• Abul-Fatah - father of victories;
  • Jalal ad-Din - the greatness of faith;
  • Abul Muzaffar - victorious;
  • Malik-ul-Sultanate - King of Kings.

This is not a complete list of titles of the rulers of the empire. The Mughal Padishah (scanwords often confused by such questions as even recognized scholars of history) carried several titles at the same time. Sometimes they occupied two or even three lines in a document.

Medieval India: a period of strife and strife

In the Middle Ages, India did not have a strong state on its territory, uniting most of the territory. Under the rule of one or another ruler, people gathered, forming small, numerous states. However, their enmity did not allow to create a powerful empire. The Rajahs and Maharajas, the governors of their states, sought to seize new territories and were not ready for dialogue.

In the fifth century, foreign invaders began to invade the territory of modern India. Despite the weakness of the majority of rulers, foreigners did not manage to gain a foothold in the Indian lands. Although these attempts continued throughout the century.

In the sixth and seventh centuries, attempts were made to unite several nations under the rule of one ruler. However, such states existed only until the death of their creator,then they fell apart as a result of the struggle of the heirs for power.

In the eleventh century, Muslims took advantage of the strife. They were able to penetrate the territory of India and seize a large amount of land. Two centuries later, most of the peninsula was captured by Muslim troops. Thus the Delhi Sultanate was formed with the capital in the city of Delhi.

The new state has almost completely destroyed all the cultural monuments of Indian civilization. Temples and shrines were destroyed, and in their place were built mosques and other religious buildings.

The power of the Muslims was so strong that their army was able to offer decent resistance to the Mongols in the thirteenth century. However, after a century the foundations of the state could shake Tamerlane, this led to the weakening of the sultanate. He lost part of his territories and by the first quarter of the sixteenth century became the basis for the emergence of a new strong empire created by the Great Moguls in India.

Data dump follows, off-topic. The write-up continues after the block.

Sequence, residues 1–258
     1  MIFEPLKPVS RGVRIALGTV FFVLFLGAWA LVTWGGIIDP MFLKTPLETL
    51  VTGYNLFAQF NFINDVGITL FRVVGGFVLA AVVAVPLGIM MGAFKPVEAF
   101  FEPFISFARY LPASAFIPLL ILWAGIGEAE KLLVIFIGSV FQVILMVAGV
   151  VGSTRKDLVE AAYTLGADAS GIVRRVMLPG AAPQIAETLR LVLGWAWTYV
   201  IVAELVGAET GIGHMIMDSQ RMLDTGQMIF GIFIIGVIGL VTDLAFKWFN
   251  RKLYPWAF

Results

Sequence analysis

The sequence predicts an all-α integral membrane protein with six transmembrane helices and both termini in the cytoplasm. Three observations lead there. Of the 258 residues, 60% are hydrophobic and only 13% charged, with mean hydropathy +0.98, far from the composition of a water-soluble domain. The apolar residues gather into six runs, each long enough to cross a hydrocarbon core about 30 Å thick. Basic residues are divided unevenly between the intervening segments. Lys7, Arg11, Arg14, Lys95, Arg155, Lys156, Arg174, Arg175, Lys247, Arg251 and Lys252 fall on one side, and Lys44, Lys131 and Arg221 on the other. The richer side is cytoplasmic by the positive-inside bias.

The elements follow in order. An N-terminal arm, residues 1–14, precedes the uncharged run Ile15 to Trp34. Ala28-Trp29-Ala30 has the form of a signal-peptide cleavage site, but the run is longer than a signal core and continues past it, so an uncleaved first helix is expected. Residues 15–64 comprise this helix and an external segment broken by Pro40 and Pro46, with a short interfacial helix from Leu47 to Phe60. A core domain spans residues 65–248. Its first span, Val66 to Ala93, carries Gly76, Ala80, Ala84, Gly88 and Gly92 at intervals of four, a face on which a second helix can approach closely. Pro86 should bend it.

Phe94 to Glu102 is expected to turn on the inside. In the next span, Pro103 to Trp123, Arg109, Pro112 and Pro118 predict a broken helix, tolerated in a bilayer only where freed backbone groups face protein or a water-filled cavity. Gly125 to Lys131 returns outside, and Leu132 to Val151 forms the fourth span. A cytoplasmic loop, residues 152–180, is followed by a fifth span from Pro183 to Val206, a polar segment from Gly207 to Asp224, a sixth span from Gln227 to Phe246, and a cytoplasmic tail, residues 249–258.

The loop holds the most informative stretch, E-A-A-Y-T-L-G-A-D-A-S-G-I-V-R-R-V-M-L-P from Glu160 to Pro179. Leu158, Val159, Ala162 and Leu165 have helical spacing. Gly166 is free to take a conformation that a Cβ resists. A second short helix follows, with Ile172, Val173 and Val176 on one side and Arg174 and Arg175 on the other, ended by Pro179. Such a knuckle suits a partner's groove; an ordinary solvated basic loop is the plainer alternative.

Babur - the founder of the dynasty

Babur: the founder of the dynasty

This historical figure is rightfully considered the father of all the Great Moguls. He is credited with creating an empire.However, in reality, he only created all the prerequisites for the future in the whole world to start talking about the greatness of the Mughals. But this fact does not in any way implore Babur's contribution to changing the history of his people, although it is still surprising how the boy could do this, who was left all alone and forced to flee from his native country.

Where did the Great Moguls come from? Scientists say that Babur was a native of modern Uzbekistan. His mother and father belonged to renowned clans, and the young timurid fully inherited the aggression, ambition and militancy of his great ancestors. At about twelve years old, he was left without parents, but the young man managed to create an army in two years and was already called "the lord of Samarkand".

This victory turned his head, despite the fact that Babur managed to stay only for four months. Soon he was driven out of there and forced to flee to the lands of Afghanistan in disgrace. There, the young man again showed his inflexible character and conquered Kabul. However, thoughts about Samarkand did not leave him. A few more times he made attempts to return home, but they all did not bring him success.Moreover, Babur’s perseverance forced the ruler of Samarkand to pursue him.

As a result, the young man moved towards India, where he set out to create his own empire, from the power that would have shuddered the world.

The birth of a new state

At the beginning of the sixteenth century, Babur, along with the army, approached the borders of Central Asia. His army was not large - it numbered only twenty thousand people. However, the young man was clever and managed to equip his army with equipment that gave him an undeniable advantage in battle. Babur had his own artillery, and protected her carts, fastened together by powerful chains. Thanks to the tactics of a talented young man managed to defeat a more numerous army of the Delhi Sultanate. After several years of fighting, Babur entered Delhi, which was the last page in the history of the sultanate.